Books

Book 587: Longbourn – Jo Baker

I can’t believe I’ve had this on my shelf for as long as I have. It’s been almost TWO YEARS since I bought it. TWO YEARS! I’m not sure I would go so far as to say this is THE pinnacle of Jane Austen fan-fiction, but it’s pretty close.

I say this for a couple of reasons the primary being that Baker didn’t deviate too far from Austen’s characters, she stayed true to them and only played with the background characters (they’re less than minor) and filled in their back stories. The secondary reason I say this is because it received reviews in the major publications and was fairly mainstream for Austen fan-fiction/inspired fiction. I mean sure you’ve got the major adaptations like Bridget Jones’s Diary and Clueless, but those are both modern adaptations.

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Books

Book 401: Pride and Prejudice – Jane Austen

Austen, Jane - Pride & PrejudiceIt will come as no surprise that this is the first book to reach three re-reads since I started The Oddness of Moving Things. I read it twice in 2013, January and August, in honor of its 200th publication date.

What WILL come as a surprise is that I was supposed to read this for our final installment of Jane Austen Book Group and I didn’t! Everything was so busy and I somehow got so flustered that I didn’t read it in time. Thankfully, I know the story so well and had read the Marvel Illustrated version earlier this year, I was capable of discussing it without too much effort. I did know that as soon as I finished trudging through The Dante Club I had to get this re-read to feel as if I’d completed our Jane Austen Book Club for the year! And it’s a great refresher before I dive right into Prejudice & Pride a “gender-bendy twist” on the original by Lynn Messina that comes out December 15th.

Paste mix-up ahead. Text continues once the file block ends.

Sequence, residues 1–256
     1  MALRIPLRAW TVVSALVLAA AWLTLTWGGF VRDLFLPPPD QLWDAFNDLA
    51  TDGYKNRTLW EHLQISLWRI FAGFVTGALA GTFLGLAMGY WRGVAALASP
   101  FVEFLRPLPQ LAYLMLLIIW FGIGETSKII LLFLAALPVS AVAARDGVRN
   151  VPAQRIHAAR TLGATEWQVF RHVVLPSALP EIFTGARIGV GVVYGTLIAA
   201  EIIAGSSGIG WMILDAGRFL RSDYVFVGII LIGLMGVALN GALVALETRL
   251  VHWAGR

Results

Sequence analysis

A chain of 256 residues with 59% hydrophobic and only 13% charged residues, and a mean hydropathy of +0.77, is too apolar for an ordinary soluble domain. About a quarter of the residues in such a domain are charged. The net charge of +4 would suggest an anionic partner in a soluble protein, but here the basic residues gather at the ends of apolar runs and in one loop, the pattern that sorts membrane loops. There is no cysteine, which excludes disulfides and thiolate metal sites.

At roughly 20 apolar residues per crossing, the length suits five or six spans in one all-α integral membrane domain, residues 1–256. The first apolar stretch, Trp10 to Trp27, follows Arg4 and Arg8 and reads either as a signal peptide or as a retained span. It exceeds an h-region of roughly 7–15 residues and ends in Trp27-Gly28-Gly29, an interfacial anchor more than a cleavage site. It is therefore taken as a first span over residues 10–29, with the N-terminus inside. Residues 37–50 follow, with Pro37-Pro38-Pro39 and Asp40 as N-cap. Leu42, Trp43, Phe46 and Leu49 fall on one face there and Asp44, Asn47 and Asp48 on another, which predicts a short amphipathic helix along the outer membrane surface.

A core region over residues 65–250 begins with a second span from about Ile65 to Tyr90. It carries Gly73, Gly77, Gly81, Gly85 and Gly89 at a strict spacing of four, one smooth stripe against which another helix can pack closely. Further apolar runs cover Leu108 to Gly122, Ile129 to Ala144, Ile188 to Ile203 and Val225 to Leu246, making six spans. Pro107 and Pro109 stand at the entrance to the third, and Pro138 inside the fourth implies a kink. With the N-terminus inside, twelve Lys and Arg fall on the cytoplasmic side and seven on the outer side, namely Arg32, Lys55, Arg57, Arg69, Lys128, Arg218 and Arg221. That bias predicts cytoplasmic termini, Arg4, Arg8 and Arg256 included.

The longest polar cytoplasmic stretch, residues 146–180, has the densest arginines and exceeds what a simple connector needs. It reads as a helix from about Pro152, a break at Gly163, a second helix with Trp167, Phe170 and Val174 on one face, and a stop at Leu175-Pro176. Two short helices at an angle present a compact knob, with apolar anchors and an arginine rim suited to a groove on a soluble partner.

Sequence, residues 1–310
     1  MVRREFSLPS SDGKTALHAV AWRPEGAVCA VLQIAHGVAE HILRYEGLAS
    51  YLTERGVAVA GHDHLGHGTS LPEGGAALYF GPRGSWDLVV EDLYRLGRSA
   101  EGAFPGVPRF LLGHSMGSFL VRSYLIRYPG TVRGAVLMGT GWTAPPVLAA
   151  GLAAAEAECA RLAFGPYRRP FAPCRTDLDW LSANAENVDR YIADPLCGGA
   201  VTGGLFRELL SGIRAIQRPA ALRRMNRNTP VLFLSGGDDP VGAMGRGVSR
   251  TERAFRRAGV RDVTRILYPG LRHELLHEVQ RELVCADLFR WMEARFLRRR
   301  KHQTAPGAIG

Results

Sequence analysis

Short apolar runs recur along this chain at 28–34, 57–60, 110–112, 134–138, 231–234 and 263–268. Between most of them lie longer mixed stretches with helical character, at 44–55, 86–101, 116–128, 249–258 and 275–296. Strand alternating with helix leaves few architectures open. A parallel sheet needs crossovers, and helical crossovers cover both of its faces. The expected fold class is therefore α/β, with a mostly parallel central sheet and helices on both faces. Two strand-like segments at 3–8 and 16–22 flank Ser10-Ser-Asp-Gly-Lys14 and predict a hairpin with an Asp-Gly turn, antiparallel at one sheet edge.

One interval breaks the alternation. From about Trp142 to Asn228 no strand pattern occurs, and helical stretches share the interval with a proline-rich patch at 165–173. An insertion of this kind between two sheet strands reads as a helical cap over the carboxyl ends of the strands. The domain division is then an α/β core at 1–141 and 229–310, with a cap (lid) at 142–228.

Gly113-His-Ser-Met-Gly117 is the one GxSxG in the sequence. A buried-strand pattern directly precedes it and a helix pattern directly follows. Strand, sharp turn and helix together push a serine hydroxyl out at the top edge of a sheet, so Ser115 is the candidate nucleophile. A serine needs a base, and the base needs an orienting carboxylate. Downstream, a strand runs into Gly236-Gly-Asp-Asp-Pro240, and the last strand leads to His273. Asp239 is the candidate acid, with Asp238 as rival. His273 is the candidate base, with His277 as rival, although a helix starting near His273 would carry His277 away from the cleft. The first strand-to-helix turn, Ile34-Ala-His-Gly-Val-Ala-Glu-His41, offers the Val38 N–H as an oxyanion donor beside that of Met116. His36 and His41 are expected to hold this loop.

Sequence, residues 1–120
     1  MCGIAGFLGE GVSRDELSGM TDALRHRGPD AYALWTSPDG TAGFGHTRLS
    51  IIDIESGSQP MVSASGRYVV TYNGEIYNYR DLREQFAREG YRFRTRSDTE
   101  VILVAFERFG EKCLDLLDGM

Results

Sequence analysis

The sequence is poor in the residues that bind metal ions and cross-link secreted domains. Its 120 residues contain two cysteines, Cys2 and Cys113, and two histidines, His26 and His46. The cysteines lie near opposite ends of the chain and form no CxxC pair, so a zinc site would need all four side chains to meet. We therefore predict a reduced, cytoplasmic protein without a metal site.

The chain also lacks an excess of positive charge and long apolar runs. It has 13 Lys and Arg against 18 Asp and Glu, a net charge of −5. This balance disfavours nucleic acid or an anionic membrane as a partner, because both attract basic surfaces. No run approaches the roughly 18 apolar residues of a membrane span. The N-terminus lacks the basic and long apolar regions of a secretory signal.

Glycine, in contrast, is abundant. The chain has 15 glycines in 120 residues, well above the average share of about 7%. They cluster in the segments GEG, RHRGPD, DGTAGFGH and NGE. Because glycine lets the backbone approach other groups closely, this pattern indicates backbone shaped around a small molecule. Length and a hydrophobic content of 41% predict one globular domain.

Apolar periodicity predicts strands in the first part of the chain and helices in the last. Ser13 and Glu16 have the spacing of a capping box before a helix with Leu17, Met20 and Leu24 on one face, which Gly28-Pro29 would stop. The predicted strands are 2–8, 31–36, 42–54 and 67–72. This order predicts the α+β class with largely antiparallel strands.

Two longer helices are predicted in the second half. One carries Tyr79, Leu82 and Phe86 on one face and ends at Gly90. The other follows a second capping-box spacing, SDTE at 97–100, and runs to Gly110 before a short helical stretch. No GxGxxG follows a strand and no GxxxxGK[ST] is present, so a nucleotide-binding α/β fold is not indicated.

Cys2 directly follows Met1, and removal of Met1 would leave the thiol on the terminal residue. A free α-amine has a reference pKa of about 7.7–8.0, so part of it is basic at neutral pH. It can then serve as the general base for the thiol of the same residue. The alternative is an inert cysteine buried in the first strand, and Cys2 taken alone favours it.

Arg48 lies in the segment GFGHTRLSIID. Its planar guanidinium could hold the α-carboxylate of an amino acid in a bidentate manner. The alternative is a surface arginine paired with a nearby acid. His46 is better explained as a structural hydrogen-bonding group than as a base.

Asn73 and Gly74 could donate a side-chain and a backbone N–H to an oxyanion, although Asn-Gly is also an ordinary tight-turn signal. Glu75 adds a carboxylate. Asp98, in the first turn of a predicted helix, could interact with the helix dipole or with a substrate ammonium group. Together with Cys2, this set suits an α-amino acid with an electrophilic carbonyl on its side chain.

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Book Group, Books

Book 382: Sense and Sensibility – Jane Austen

Austen, Jane - Sense and SensibilityFor our fifth installment of Jane Austen Book Club we read Sense and Sensibility (S&S). Not only is this book the penultimate book of this year’s book group, it is my last Austen re-read for the Classics Club! That makes it my 42 Classics Club book and I’m glad to still be slowly chipping away. Goodreads reminds me I’m 29 books behind schedule from my original Classics Club start date, but I abandoned the five-year plan ages ago. I figured I should enjoy the Classics when I want to enjoy them and not force myself to meet some arbitrary time limit.

Like all of Austen, I’m confused why I haven’t re-read this in so long. Obviously, there are so many other books to read, but it went by so fast and the story is just so great that I really should make an effort to re-read more than just Pride and Prejudice (P&P) every so often!

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Books

Book 381: Northanger Abbey (Marvel Illustrated) – Nancy Butler & Janet Lee

Butler, Nancy, Jane Austen and Janet Lee - Northanger AbbeyI’m so glad I’m on Austen overload this year. I’m not really sure what I do on the years I don’t read this much Austen. Does that actually happen? I should start tracking my Austen reads in addition to everything else I track.